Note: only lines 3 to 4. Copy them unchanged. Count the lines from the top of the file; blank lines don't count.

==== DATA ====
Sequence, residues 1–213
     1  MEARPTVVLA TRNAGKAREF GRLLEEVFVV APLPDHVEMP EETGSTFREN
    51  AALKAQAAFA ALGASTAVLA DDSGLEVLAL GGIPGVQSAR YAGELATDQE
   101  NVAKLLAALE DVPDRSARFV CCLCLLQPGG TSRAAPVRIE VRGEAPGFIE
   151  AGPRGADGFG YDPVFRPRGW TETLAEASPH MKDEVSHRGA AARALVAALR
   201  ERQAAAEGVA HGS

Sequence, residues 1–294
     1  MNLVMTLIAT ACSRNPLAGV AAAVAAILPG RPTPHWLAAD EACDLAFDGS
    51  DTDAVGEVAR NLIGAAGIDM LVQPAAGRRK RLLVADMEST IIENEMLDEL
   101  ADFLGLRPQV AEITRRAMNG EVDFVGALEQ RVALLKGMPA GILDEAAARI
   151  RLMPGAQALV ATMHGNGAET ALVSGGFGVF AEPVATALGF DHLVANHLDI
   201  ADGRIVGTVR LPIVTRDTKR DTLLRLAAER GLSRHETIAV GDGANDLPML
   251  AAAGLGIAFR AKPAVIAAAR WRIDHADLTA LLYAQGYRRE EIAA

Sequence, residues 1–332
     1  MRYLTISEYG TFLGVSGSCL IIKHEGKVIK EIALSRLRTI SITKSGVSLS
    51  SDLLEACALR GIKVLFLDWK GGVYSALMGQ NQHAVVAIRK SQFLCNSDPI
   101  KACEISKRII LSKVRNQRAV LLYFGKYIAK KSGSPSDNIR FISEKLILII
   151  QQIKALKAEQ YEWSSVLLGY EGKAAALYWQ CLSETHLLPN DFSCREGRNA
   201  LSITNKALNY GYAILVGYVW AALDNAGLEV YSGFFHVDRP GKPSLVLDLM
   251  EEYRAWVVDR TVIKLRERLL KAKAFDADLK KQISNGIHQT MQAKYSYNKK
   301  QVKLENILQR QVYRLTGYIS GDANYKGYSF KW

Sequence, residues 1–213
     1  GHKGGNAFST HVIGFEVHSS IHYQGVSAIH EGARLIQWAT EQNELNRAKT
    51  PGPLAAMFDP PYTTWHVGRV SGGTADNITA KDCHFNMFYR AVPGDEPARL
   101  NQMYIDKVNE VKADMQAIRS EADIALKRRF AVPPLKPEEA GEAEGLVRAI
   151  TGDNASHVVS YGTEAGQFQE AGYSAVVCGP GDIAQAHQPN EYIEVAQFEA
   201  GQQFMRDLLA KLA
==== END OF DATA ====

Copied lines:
    51  AALKAQAAFA ALGASTAVLA DDSGLEVLAL GGIPGVQSAR YAGELATDQE
   101  NVAKLLAALE DVPDRSARFV CCLCLLQPGG TSRAAPVRIE VRGEAPGFIE